Psaki said the “key point” being made by the administration is that they want facts to develop policy:

“We want fact-based analysis upon which we can shape policy. So, this is really the first step in the process. We will rely on our appropriate law enforcement and intelligence officials to provide that analysis.”

In addition to the threat assessment, the administration plans to develop its capability within the National Security Council (NSC) to confront the threat of domestic terrorism, including a review of the government’s information-sharing capabilities. Psaki said:

“The NSC will undertake a policy review effort to determine how the government can share information better about this threat, support efforts to prevent radicalization, disrupt violent extremist networks, and more.”

Psaki said she wanted to assure Americans that the administration’s actions would protect citizens’ rights while increasing government capabilities to monitor and counter domestic threats.

“We are committed to developing policies and strategies based on facts, on objective analysis, and on our respect for constitutionally protected free speech and political activities.”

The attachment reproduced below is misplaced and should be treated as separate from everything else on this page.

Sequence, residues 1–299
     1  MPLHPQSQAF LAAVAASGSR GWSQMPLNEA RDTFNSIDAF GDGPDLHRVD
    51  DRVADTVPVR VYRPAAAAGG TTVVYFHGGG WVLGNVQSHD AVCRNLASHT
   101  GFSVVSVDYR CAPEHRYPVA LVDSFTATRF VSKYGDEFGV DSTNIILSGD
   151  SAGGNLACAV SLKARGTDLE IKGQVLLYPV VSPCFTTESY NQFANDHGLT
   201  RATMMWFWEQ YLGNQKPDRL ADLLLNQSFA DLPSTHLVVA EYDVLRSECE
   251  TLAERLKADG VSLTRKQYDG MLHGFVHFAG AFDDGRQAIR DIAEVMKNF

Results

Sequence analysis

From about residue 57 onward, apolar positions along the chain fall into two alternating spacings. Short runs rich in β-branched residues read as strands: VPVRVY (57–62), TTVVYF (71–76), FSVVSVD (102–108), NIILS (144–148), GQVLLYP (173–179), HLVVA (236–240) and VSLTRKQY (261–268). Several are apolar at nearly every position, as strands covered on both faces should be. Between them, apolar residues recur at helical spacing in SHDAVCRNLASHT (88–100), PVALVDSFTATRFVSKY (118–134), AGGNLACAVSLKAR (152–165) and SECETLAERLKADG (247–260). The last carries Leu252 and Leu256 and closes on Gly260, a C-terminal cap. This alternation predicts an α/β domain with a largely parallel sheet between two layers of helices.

“We need to understand better its current extent and where there may be gaps to address so we can determine the best path forward.”

The third step in Biden’s plan involves coordinating relative parts of the federal government to enhance and accelerate efforts to address DVE.

Addressing reporters following the briefing, Psaki said the President wanted to conduct the review and develop the DVE policy as a priority:

“It is a priority (of the administration to insure that we are assessing what is happening in government and if we could do it better. Clearly, more needs to be done. That is why the President is tasking the national security team to do exactly this review on his second full day in office.”

The announcement of the review and plan by the Biden administration did not make mention of violent protests and riots in cities across the nation over the summer by left-wing groups including Black Lives Matter and Antifa.

The attack on the Capitol on January 6 resulted in five deaths, including a Capitol police officer. The attack has led to the second impeachment of President Donald Trump and renewed a debate over whether there should be laws created specifically for domestic terrorism.

Thus far, terrorism policy and laws have focused mainly on international terrorism. Discuss and debate about the need for new laws to deal with domestic extremism have been sparked previously by school shootings and homegrown attacks like the one at a Pittsburgh synagogue that killed 11 people.